Phone: (307) 777-7159
Address: Cheyenne Business Center
1510 East Pershing Boulevard
Cheyenne, WY   82002

Workers Compensation Board - Alberta
Phone: (780) 498-3999
Address: 9925-107 Street
P.O. Box 2415
Edmonton, AB   T5J 2S5

Workers Compensation Board of British Columbia (WORKSAFEBC)
Phone: (604) 273-2266
Address: P.O. Box 5350 Station Terminal
P.O. Box 2415
Vancouver, BC   V6B 5L5

Manitoba Workers Compensation Board
Phone: (204) 954-4321
Address: 333 Broadway
P.O. Box 2415
Winnipeg, MB   R3C 4W3

Phone: (506) 632-2200
Address: 1 Portland Street
P.O. Box 160
Saint John, NB   E2L 3X9

Workers Compensation Board of Nova Scotia
Phone: (902) 491-8999
Address: 5668 South Street
P.O. Box 1150
Halifax, NS   B3J 2Y2

Prince Edward Island Workers Compensation Board
Phone: (902) 368-5680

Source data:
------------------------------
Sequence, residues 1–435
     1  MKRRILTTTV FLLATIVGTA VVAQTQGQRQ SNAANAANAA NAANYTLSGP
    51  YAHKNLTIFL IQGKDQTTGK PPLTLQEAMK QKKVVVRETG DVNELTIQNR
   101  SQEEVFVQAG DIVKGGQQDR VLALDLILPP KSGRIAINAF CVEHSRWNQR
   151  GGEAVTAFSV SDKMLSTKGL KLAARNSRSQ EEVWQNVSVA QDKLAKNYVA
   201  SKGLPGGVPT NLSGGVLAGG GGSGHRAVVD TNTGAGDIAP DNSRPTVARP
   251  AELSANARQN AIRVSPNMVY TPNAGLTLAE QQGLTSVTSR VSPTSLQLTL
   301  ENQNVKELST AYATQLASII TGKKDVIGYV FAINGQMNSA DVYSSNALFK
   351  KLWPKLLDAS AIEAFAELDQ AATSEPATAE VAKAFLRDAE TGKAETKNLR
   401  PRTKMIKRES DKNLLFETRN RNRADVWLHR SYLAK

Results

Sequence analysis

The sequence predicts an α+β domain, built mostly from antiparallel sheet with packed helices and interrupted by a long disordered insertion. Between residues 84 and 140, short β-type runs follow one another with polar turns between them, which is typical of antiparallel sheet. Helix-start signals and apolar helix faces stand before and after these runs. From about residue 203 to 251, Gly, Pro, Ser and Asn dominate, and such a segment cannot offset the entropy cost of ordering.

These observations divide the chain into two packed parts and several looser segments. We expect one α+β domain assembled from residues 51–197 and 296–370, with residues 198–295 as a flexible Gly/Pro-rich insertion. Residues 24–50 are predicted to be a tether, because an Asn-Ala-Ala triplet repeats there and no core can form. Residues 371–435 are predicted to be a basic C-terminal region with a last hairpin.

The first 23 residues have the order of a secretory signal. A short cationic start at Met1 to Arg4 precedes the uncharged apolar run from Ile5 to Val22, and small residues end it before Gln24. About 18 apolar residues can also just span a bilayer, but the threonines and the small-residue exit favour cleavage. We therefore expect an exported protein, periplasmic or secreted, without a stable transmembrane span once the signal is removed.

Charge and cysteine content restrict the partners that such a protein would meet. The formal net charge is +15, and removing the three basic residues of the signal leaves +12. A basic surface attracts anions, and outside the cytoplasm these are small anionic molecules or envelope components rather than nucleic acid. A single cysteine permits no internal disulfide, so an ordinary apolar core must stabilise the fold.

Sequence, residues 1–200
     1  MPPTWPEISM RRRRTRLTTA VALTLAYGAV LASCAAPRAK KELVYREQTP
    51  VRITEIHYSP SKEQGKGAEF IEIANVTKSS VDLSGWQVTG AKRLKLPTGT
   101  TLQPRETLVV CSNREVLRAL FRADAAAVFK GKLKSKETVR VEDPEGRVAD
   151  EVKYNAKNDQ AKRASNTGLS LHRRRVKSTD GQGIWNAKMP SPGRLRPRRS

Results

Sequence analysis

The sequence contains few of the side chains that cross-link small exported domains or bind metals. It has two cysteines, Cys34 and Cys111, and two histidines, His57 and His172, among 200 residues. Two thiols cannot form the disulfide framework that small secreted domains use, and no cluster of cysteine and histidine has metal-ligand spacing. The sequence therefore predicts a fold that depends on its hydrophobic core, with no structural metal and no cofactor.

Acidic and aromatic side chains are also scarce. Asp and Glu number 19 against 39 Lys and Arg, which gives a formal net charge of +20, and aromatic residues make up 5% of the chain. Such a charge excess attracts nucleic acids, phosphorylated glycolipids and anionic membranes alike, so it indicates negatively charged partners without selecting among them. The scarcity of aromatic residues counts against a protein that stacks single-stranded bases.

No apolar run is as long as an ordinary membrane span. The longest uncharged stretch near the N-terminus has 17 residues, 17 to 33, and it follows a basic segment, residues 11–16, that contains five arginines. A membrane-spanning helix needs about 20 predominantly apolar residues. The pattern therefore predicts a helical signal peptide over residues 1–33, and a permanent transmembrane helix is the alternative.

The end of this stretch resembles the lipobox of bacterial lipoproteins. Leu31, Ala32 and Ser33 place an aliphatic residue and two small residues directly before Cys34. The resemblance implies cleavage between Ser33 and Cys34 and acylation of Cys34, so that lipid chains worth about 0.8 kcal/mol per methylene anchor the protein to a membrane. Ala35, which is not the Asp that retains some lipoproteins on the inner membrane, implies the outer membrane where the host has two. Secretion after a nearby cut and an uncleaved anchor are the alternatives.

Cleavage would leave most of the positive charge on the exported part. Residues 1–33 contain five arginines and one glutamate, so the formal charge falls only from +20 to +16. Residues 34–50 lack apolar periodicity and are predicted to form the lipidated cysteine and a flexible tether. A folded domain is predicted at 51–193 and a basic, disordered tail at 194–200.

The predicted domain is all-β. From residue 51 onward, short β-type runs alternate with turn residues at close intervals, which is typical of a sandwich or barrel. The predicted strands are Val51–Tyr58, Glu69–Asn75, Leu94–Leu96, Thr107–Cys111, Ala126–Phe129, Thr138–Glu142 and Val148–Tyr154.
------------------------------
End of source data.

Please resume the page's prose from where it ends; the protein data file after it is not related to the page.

Address: 14 Weymouth Street
P.O. Box 1150
Charlottetown, PE   C1A 7L7

Saskatchewan Workers Compensation Board
Phone: (306) 787-4370
Address: 200 - 1881 Scarth Street
P.O. Box 1150
Regina, SK   S4P 4L1

Puerto Rico State Insurance Fund Corporation
Phone: (787) 793-5959
Address: G.P.O. Box 365028
P.O. Box 1150
San Juan, PR   00936-5028
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Latest Newsletter

2019 Fixed Income Investment Outlook: Where Are We in the Credit Cycle?

Amid economic, political, and trade policy uncertainties, our credit specialists highlight their views on where the asset class stands across geographies and sectors.

By Nate Levy, Fixed Income Portfolio Manager, and Michael Garrett, Fixed Income Portfolio Manager

Key points